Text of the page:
The U.S. Constitution guarantees religious freedom, and therefore bars law enforcement officers from discriminating against people based on their race, ethnicity, national origin or faith. But Mississippi traffic cops and Pike County Court Judge Aubrey Rimes apparently weren't going to let that little old document deter them from harassing and humiliating a Sikh truck driver named Jagjeet Singh after pulling him over. And now the ACLU of Mississippi and United Sikhs want state officials to investigate Singh's treatment.
Singh was driving through the state in January when he was pulled over for a flat tire. After officers detained him they called him a "terrorist" and mocked the articles of faith he wears and carries. In a letter (PDF) sent to state officials on Wednesday, ACLU-Mississippi's legal director Bear Atwood detailed Mississippi officers' degrading treatment of Singh. It's worth reading every word:
As a devout Sikh, Mr. Singh wears a turban and carries a kirpan. A kirpan is a small, spiritual sword that is sheathed and sewn to the waistband. It is designed and worn as an article of faith, much as a cross is worn by devout Christians. Contending, wrongly, that his kirpan was illegal, the officers demanded that Mr. Singh remove it. When Mr. Singh explained that he was a Sikh and that the kirpan was a sacred religious article, the officers laughed at him and mocked his religious beliefs. One officer declared that all Sikhs are "depraved" and "terrorists." They continued to taunt him, and forced Mr. Singh to circle his truck with his hands on his turban while they searched the vehicle. Finally, not content with this humiliation, they arrested him, claiming that Mr. Singh had refused to obey an officer's lawful command.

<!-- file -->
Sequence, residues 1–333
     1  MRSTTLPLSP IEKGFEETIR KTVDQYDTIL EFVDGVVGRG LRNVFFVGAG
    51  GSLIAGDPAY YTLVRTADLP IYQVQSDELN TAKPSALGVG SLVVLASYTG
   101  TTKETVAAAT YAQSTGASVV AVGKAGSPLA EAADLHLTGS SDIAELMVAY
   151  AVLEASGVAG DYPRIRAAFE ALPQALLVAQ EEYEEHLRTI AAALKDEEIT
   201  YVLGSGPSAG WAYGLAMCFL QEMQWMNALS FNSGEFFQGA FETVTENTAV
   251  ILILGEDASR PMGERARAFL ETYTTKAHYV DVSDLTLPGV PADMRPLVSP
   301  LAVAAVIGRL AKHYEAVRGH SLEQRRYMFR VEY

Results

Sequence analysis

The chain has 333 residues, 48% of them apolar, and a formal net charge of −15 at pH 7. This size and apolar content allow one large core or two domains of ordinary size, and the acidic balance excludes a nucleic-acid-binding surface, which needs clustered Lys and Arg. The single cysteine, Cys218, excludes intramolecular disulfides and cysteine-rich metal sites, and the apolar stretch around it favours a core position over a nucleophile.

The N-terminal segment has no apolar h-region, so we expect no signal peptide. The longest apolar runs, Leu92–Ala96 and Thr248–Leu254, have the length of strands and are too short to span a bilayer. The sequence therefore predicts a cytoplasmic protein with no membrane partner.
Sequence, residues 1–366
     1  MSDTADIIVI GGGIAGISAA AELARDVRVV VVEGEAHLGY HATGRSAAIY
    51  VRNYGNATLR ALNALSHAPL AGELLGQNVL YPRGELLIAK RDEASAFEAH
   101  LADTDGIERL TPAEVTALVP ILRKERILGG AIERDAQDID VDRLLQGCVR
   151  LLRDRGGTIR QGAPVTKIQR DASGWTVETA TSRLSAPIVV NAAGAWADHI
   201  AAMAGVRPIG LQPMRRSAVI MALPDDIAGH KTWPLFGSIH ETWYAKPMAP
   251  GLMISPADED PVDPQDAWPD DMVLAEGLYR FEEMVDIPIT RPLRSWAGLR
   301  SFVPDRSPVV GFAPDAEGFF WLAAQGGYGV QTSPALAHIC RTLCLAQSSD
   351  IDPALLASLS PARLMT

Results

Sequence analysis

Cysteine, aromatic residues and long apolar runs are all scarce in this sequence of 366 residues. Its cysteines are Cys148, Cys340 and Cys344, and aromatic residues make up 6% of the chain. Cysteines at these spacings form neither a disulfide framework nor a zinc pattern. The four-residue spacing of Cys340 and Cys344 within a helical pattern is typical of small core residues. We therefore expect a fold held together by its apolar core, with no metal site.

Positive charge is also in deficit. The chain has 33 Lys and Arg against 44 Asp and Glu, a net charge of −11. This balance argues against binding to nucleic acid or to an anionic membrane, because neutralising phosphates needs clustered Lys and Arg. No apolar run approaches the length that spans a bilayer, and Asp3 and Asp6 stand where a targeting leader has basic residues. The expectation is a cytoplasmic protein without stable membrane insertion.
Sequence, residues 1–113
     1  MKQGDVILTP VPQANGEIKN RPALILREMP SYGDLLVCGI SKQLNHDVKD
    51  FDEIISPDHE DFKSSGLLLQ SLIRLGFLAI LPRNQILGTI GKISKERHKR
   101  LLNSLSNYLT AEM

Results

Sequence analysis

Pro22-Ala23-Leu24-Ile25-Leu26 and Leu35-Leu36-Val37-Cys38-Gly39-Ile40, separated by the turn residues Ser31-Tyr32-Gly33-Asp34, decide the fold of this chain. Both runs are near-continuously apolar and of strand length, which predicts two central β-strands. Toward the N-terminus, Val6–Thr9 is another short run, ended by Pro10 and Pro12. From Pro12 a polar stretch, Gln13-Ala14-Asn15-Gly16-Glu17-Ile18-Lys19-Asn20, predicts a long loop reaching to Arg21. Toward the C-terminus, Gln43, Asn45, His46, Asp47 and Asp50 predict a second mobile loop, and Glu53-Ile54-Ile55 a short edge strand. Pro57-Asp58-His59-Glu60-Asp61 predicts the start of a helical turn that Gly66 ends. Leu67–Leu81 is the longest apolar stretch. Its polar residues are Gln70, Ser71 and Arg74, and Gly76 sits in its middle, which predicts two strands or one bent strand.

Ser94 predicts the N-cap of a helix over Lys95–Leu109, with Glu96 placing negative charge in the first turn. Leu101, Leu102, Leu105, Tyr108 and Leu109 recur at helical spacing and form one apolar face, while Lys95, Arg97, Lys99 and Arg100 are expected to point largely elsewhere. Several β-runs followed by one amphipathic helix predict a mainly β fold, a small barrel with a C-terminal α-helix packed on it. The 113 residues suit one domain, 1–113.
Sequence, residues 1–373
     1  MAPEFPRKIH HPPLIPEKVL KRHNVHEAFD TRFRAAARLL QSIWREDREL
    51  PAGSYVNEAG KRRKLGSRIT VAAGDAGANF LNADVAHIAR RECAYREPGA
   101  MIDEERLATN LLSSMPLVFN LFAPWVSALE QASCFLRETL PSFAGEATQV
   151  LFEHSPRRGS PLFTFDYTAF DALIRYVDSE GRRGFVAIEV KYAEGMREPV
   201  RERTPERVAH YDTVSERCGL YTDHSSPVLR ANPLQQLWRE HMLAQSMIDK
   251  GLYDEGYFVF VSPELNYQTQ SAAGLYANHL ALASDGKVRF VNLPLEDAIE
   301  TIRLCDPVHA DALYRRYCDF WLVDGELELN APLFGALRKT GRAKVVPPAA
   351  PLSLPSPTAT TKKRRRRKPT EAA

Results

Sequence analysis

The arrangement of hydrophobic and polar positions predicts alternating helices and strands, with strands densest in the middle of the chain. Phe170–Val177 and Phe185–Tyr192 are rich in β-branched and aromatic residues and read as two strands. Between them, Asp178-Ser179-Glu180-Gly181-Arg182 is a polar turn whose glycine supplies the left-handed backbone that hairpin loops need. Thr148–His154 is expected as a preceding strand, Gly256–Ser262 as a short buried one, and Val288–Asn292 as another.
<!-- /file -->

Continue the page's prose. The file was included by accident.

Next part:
...When he returned to Mississippi on March 26, 2013, for his court date at the Pike County Justice Court, he once again suffered humiliation, harassment, and discrimination because of his religious beliefs. Waiting for his attorney in the back of the courtroom, he was stunned when four Highway Patrol officers approached him and ordered him to leave the courtroom. The officers stated that Judge Aubrey Rimes had ordered them to eject Mr. Singh from the courtroom because he did not like Mr. Singh's turban. Moreover, they told Mr. Singh that Judge Rimes would punish him if he failed to remove his headdress.
When Mr. Singh's attorney went to Judge Rimes's chambers to inquire about the matter, he readily confirmed that he had expelled Mr. Singh from the courtroom because of his turban. He further stated that Mr. Singh would not be allowed to re-enter the courtroom unless he removed "that rag" from his head and threatened to call Mr. Singh last on the docket if he continued to wear the religious headdress.
Singh's experience is hardly isolated. Hate crimes toward and bias-based bullying and discrimination of Sikhs are all too commonplace occurrence in this post-Sept. 11 era. The ACLU of Mississippi also plans to ask for a separate investigation and sanctions when it files a formal complaint with the Mississippi Judicial Commission.